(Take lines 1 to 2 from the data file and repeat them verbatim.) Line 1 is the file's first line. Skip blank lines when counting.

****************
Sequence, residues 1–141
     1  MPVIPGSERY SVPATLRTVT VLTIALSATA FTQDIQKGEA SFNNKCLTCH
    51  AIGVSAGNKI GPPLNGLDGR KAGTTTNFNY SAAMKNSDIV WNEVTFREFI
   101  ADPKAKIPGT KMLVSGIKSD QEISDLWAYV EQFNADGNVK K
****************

Sequence, residues 1–141
     1  MPVIPGSERY SVPATLRTVT VLTIALSATA FTQDIQKGEA SFNNKCLTCH